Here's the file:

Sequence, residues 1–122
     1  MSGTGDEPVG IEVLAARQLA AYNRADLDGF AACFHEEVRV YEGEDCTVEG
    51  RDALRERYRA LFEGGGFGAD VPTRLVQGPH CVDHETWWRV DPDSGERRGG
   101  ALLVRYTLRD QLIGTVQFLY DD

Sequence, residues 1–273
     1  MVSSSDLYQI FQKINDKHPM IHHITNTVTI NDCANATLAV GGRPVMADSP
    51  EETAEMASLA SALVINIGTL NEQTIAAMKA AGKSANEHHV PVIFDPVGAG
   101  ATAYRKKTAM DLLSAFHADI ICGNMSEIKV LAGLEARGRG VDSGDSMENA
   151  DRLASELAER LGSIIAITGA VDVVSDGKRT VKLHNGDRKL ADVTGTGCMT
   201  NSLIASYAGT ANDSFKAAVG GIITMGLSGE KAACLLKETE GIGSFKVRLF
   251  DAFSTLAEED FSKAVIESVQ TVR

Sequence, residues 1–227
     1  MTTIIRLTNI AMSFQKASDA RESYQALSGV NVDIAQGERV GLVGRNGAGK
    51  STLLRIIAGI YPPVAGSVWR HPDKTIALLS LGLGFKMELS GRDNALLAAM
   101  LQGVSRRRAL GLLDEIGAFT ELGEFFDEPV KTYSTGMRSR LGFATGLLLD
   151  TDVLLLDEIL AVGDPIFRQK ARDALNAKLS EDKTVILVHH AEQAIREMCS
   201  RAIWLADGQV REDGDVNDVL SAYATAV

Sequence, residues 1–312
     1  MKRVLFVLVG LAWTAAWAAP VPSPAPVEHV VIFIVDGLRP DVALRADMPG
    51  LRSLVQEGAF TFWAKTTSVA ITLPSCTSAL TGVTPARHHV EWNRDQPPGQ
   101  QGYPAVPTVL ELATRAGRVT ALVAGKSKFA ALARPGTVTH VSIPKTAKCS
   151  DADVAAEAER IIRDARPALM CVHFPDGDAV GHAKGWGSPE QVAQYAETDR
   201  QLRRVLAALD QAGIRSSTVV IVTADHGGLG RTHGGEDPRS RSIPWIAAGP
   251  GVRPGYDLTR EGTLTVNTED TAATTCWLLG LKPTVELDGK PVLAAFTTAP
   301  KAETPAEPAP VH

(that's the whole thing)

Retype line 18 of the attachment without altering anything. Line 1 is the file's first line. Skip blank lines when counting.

Sequence, residues 1–312